On April 17, 1975, Kenneth T So – born So Khong Thay – saw the breaking news that Phnom Penh had fallen to the Khmer Rouge on a television in the canteen of the University of Tennessee, where he was studying chemical engineering.
The news horrified young So, who believed the rumours of Khmer Rouge atrocities, despite the dismissals in pro-communist periodicals. Like other Cambodians in the US at that time, he was worried about his family – his father, So Bun Hor, a businessman, and his two brothers, So Khong Leng and Chea Sophany, a police inspector and military physician, respectively.
Over the following months and years, news continued to trickle out the hermetic, ultra-Maoist state – of thousands of deaths from forced labour, starvation and mass killings by Khmer Rouge. A few years later, after the regime was ousted, So learned his brother Sophary was among the victims.
For the scientist-in-training, the tragedy triggered an interest in the history of Cambodia.
“I had not been interested in history until I realised about the Khmer Rouge’s mass violence,” So said this week. “I wanted to know where these black-shirt people came from and why they were so cruel to their own people, and it was not long before my interest went further and further.”
Despite struggling financially, So managed to complete his studies and graduate with a master’s degree from the University of Southern California and for the next 35 years he worked as a scientist for aerospace companies and NASA in the field of manned and unmanned space vehicles. During that time he also collected historical books and articles on Cambodia – and wrote a few historical articles himself. However, most of the works in his collection frustrated him.
“Most history books are written by Western writers, while most of their books contain too little information about many historical events in Cambodia, which makes it hard to understand,” So said. “I was so annoyed that the idea of writing a book with vivid details came to me.”
The idea stayed in the back of his mind for years, but So never had time to pursue it until his company transferred him to Colorado, in late 2007. The Rocky Mountain winters forced him to stay inside, but gave him the opportunity to take up writing. Now, nearly nine years later, his two-volume work The Khmer Kings and the History of Cambodia – comprising more than 800 pages – has just been released by DatAsia, a publishing company focusing on Southeast Asian nations.
The first volume centres on the beginnings of Khmer civilisation, starting in the first century with the early kingdom of Funan and continuing until the fall of the capital of Longvek in the 1590s to Siam, as Thailand was then called. The second volume picks up from the end of the first and continues up through the present day.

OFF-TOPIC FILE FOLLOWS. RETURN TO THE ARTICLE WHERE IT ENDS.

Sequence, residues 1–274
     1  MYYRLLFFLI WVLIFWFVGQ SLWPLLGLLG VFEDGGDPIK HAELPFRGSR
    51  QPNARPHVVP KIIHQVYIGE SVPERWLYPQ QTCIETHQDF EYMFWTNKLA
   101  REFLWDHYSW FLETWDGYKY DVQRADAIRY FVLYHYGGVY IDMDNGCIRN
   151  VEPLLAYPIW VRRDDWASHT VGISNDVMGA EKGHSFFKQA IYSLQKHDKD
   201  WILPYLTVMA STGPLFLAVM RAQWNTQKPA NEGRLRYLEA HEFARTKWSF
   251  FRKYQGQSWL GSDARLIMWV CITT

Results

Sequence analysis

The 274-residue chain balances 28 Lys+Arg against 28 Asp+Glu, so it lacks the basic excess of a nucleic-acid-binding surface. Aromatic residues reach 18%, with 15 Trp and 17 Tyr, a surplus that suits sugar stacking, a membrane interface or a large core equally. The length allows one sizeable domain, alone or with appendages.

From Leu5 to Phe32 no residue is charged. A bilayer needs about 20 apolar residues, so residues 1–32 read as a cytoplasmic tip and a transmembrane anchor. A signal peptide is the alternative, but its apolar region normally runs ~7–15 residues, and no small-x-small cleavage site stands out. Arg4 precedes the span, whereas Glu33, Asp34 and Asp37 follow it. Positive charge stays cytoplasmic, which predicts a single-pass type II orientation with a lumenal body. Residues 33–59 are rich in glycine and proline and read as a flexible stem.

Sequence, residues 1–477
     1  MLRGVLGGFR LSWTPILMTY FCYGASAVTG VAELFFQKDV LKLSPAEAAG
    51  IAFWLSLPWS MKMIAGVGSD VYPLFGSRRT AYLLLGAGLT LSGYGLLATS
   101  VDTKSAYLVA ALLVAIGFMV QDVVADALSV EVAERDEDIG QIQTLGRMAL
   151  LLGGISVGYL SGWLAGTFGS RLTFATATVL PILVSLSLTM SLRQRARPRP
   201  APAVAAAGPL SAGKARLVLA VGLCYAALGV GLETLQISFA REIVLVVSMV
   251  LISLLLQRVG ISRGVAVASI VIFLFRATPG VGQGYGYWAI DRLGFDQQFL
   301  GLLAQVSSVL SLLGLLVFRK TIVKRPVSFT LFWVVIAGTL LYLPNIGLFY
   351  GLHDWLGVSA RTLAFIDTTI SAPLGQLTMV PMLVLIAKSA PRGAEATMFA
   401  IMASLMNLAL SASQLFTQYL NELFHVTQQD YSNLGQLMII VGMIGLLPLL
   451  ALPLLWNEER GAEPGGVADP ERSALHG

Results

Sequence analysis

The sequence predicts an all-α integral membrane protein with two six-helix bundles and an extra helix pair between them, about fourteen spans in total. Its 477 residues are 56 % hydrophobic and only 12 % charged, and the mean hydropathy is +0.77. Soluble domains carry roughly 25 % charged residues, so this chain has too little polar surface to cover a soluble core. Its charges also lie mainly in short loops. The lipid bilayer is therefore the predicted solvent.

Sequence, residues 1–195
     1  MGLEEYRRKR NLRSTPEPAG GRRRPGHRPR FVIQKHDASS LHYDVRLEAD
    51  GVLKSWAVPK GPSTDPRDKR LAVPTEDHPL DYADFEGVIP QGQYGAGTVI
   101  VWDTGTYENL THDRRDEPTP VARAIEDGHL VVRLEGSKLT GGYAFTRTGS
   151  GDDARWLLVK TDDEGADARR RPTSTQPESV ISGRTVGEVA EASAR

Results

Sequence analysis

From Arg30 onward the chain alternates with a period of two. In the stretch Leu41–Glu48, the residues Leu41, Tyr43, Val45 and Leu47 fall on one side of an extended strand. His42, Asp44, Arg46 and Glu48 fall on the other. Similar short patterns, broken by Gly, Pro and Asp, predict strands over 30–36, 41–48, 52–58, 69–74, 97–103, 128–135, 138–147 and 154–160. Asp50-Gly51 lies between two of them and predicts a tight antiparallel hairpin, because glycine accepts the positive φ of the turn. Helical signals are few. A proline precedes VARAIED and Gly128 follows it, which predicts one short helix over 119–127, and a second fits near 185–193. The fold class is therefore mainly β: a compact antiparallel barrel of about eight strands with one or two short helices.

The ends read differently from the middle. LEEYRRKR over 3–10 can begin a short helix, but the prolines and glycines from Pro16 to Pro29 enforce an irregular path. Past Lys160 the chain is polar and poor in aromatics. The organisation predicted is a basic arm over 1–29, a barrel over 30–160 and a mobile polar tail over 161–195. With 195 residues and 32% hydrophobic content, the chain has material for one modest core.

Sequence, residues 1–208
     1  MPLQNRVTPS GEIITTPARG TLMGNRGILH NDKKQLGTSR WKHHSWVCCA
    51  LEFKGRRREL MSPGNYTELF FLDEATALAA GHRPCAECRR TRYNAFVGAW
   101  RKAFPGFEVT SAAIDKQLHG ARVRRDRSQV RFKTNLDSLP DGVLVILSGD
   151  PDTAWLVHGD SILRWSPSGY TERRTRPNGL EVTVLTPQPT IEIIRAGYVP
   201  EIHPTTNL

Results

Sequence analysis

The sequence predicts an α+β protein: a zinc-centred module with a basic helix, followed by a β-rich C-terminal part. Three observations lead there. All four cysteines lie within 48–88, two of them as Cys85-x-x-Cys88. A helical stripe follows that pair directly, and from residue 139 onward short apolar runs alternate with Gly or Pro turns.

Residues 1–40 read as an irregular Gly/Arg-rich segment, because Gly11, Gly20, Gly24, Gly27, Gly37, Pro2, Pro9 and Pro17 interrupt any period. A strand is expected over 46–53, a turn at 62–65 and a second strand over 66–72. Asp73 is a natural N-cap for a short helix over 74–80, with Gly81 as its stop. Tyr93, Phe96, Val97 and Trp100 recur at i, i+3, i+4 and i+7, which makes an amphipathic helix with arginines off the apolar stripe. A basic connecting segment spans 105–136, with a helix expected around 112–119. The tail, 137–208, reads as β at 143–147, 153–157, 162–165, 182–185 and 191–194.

The books chronicle Cambodia’s relations with its neighbours, as well as the lives of everyday people and royals alike, with material drawn from the other writers’ works as well as So’s own research. So arrives at some new conclusions of his own based on his meticulous approach to historical material.
For instance, So studied ancient Chinese to better understand the account of Zhou Daguan, a Chinese diplomat who wrote about Cambodia during his stay at Angkor from 1296 to 1297. By closely parsing Zhou’s writings, he was able to compile a map of the ancient emissary’s travels in Cambodia.
Kent Davis, the publisher and editor for DatAsia Press, said he saw The Khmer Kings and the History of Cambodia as “a new standard”, and a reference for all other histories going forward, which no foreign writer could have produced.
“Ken drew from all the greatest scholars to assemble his text,” Davis said in an email. “But his qualities as a son of Cambodia and as a formally trained scientist with strong analytical and organizational skills are what set his vision apart.”
So’s academic background, nevertheless, could invite criticism, especially from established experts in the field.
Though he hadn’t read So’s books yet, Dr Michel Tranet, a prominent historian and author on Cambodia, argued that Cambodia’s history is more than “a pile of books and papers, and a bunch of pictures”.
“Writing a Khmer history book requires great knowledge of not only chronicles and the royal family but also the other fields, such as anthropology, astronomy, archaeology, horoscope and so on,” he said. “Those who do not have academic background in history, which requires learning all these, cannot write a real history book.”
However, Sophal Ear – an associate professor of diplomacy and world affairs at Occidental College in California, who has known So for years and co-written articles with him – supported his friend’s work.
“He has always been dedicated to Cambodia and its royal history from day one, along with origins of words like yuon, etc,” Sophal said in an email, referring to a controversial but widely used term for the Vietnamese. “If someone is passionate about something, they can learn enough on their own time to become an expert.”
Davis, of DatAsia, went even further in supporting So’s work, saying that he was completing history.
“What makes Khmer Kings great is that it is not purely academic history,” he explained. “Rather, Kenneth So offers readers a very personal tour of Cambodian history, with a guide who was nurtured in the language, culture and religion, and then educated as a scientist in the West”.
So, meanwhile, said he was already prepared for critical comments from historians, but maintained that his books would be a complement to other scholars’ works.“I did not do it for financial reward or fame,” he said. “I did it because I love my nation and wanted people to know more about it.”
The Khmer Kings and the History of Cambodia – Book I (364 pages) & II (440 pages) could be purchased by order on Amazon.com at $39.95 each or $79.90 together. According to the authors, they could be available soon at Monument Books.